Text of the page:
Understanding how good practice in administration of medicine is essential for user of health and social care services


Medicines are such powerful compounds that have the potential to control discomfort, diseases and powerful compounds that control disease, ease discomfort and prolong life for millions of people and are generally useful as well. The administration of medication is the core area of weakness in health and social care services. This weakness may result in life threatening mistakes by the social care staff.

However every medicines have some side effects that may degrade the health of an individual. Moreover side effects is not the main cause, people may also intake medicines without having any requirement or for any immoral purpose.  Thus the handling of medicines is an essential task and requisite in every health and social care environment.

Care-workers are responsible to look after and providing medicines to the other people no matter if they are adult or young, healthy or sick, in every situation it is the prime duty of the care workers to look after them. This can be correlated with any of the practices that are set in connection something that needs a clear view of usage.

This report will help in highlighting the basic safe medication administration principles and will help in increasing the awareness of care staff in diverse social care settings.

Importance of good practice in relation to the administration of medicine

Administration of medicines is the chief responsibility of every health care staff worker. The administration involves providing the patient with a compound that has been prescribed to him for his diagnosis, treatment, or prevention of a medical illness or condition.

The Principles are set rules that are developed by the experienced administrators that are based on safe and appropriate handling of medicines. Eight core principles regarding safe and proper handling of medicines have been identified and are mentioned below (DRH, August 2008 )

  1. Every person has freedom of choice in selecting the social care services, the provision of pharmaceutical care and dispensed medical services.
  2. The care staff is aware of every person from where they could easily procure the desired medicine and the social care units keeps a proper record of all the medicines.
  3. Care staff is competent enough while helping people with the medicines.
  4. The care staff has to maintain the dignity and privacy of the individual when they give medicines to them. The staff should give medicines to the patients safely and correctly.
  5. The staff should ensure that the medicines have been available for the individuals whenever required and should dispose off all unwanted medicines safely.
  6. Medicines should be stored in a safe place.
  7. The social care service has access to advice from a pharmacist.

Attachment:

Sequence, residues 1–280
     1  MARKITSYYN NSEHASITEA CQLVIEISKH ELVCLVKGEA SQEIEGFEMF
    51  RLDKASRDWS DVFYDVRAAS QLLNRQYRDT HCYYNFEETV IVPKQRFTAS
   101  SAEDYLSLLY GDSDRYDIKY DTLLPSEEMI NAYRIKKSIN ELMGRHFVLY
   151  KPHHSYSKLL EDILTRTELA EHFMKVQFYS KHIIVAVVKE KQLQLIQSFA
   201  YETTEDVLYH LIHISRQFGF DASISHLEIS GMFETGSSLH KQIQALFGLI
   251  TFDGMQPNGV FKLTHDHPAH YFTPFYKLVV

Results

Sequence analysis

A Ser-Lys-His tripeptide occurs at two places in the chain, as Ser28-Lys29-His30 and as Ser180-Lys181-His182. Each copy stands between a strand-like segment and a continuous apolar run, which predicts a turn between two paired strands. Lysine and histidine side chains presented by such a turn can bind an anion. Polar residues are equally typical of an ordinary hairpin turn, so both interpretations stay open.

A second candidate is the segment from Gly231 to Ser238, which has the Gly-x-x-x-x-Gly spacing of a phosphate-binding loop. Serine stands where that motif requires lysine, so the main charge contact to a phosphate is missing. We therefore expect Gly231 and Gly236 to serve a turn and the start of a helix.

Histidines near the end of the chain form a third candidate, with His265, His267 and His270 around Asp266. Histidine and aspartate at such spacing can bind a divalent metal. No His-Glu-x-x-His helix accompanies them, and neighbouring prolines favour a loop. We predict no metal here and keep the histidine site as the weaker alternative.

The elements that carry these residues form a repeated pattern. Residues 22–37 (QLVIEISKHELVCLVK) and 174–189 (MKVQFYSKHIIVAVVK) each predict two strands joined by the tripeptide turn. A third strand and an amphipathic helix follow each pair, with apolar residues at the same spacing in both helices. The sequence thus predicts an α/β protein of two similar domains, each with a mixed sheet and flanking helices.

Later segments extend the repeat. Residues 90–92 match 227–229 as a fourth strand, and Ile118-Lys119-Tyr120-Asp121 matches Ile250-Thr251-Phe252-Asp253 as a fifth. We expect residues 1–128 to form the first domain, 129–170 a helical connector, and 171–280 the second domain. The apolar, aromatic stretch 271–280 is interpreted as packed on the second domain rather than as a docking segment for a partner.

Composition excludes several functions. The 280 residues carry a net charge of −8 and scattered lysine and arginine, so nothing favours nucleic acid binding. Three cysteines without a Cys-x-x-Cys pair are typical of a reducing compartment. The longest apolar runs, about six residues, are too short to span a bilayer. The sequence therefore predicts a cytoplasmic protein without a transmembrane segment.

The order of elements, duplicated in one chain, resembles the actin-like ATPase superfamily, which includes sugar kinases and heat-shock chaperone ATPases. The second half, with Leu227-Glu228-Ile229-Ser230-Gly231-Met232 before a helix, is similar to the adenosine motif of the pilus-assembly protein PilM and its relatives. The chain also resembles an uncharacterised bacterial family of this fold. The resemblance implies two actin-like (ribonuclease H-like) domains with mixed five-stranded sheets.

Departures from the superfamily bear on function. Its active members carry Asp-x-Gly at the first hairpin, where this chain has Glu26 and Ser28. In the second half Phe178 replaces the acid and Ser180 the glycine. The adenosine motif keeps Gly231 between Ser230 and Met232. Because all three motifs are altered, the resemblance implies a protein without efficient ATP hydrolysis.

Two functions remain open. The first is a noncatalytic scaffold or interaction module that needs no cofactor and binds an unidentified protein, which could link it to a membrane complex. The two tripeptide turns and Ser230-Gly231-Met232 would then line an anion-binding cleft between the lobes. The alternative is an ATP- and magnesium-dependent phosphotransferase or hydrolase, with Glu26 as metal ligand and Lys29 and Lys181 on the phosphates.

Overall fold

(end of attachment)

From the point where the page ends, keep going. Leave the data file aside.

8. Medicines should be used only for curing or preventing disease, or to relieve symptoms but not to punish or control anybody’s behavior.

Administration of Medicines

The safe and proper administration of medicines refers to the way in which medicines are given such as to maximize benefits and to avoid causing harm. The authorities should provide their staff with a place their own local policies and procedures for the safe medication administration for each particular unit.

The administration of medicines is an important step to be taken in the professional practice. The task cannot be performed solely, it can be performed only with the assistance and strict compliance with the written prescription of the medical practitioner (Association, 2008).

The staff should remove medicines from their original containers from which they were dispensed. This is because, if the medicines get mixed with the other medicine, I would become harmful for the person who is going to take it.

In order to ensure security while giving medicines to the patients, the staff is required to:

  • Correctly identify each medicine before giving that to patients. For this each pack of medicine should have an attached label of the e pharmacist or dispensing GP.
  • The staff is also required to identify the exact patient to whom the medicine is being given.
  • The staff should also know the purpose and procedure of giving the medicine.
  • The staff also has to follow all the precautionary steps if required.

Moreover easy to follow written steps needs to be followed by your staff while running a care service. The staff should be authorized to give only those medicines in which they have been trained in. Staff should also understand and should be aware that a medicine could be recognized by two names, a generic name that would be based on the ingredient of the medicine and the other name could be the propriety/trade name. For example, paracetamol is recognized as a generic name and Anadin as its propriety/trade name.